Here’s a breakdown of the 7 bills signed so far this legislative session

The 2024 General Session of the 65th Legislature takes place from Jan. 16 to March 1

SALT LAKE CITY – Gov. Spencer Cox signed six bills yesterday, bringing the total number of signed pieces of legislation to seven for the 2024 General Legislative Session.

HB257 Sex-based Designations for Privacy, Anti-bullying, and Women’s Opportunities

HB257 requires all individuals to use restrooms and locker rooms that correspond with their legal sex designation in government-owned and controlled facilities, thereby restricting transgender individuals from using the bathrooms and locker rooms of the gender that they identify with before amending their birth certificates, and obtaining bottom surgery. Breaking this law could result in criminal charges.

“We want public facilities that are safe and accommodating for everyone and this bill increases privacy protections for all,” Cox said on HB257.

HB261 Equal Opportunity Initiatives

HB261 bars Utah universities and governments from having offices dedicated to promoting diversity, and from requiring employees to submit statements of commitment to diversity, equity and inclusion. Cox said in a press conference late last year that such a bill was very likely to pass during this legislative session.

“We’ve been concerned about some DEI programs and policies, particularly with hiring practices, and this bill offers a balanced solution,” Cox said on HB261. “I’m grateful to the Legislature for not following the lead of other states that simply eliminated DEI funding with no alternative path for students who may be struggling. Instead, this funding will be repurposed to help all Utah students succeed regardless of their background.”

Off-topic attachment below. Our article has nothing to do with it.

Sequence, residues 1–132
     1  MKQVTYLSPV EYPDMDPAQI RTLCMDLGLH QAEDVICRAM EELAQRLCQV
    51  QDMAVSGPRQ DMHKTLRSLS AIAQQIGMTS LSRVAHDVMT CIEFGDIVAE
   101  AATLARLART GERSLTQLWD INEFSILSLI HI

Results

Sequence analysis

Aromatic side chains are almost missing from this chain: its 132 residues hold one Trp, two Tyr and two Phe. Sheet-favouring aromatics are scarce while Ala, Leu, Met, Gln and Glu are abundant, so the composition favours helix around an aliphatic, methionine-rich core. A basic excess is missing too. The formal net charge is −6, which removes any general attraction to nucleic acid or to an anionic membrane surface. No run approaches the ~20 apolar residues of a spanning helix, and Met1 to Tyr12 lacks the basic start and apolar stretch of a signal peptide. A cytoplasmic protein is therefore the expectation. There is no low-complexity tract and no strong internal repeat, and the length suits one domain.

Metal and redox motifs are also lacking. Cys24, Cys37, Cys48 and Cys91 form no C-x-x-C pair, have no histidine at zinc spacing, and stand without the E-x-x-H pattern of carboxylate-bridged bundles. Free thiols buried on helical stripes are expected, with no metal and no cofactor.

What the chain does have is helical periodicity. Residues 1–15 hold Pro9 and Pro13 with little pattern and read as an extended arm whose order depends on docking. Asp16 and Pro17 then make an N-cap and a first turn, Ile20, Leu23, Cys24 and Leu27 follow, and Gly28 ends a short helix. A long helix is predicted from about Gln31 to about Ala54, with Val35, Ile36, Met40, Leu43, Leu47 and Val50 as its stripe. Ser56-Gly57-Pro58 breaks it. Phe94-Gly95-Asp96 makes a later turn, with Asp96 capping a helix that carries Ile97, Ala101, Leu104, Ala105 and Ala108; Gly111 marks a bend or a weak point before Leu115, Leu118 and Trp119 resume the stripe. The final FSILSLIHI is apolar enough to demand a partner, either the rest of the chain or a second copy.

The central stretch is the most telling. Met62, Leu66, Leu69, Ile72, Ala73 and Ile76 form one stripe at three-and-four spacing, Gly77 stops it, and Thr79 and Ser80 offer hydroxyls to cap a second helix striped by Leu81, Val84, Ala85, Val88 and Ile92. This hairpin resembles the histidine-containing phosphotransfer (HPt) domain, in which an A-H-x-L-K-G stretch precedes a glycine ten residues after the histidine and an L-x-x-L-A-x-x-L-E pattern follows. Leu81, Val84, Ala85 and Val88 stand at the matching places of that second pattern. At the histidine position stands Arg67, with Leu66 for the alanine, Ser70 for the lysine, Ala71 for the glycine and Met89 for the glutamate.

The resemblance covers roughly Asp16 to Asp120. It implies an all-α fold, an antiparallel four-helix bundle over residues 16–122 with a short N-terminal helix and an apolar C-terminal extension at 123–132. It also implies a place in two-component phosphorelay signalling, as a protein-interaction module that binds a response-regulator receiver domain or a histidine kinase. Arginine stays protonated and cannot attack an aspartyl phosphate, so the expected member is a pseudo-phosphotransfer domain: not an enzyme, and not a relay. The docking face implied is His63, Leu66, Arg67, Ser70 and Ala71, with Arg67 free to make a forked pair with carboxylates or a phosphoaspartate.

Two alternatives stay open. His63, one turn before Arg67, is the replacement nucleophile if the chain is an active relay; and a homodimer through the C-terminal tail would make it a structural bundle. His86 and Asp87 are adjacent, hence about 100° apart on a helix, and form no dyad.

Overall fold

“We firmly believe that Utah is stronger because of our diversity and we remain committed to keeping our state a place where everyone can thrive,” Cox said. “Over the past three years, our administration has worked very intentionally with many community stakeholders to expand opportunities for all Utahns and we will continue to do so.”

SB1, SB4, SB6 and SB7 supplement or reduce appropriations otherwise provided for the support and operation of state government for the 2024 and 2025 fiscal years for higher education, business, economic development and labor, infrastructure and general government, and veterans affairs and legislature.

Cox signed the first bill of the session, SB89, Social Media Modifications, on Jan. 19. This bill makes an amendment to the newly imposed Utah Social Media Regulation Act, and  pushes the date for provisions of the Utah Social Media Regulation Act to social media companies from March 1 to Oct. 1.

“While pushing back the effective date gives us more time to incorporate more feedback into the law, we are as committed as ever to protecting our children from the harms of social media,” Cox said on SB89.

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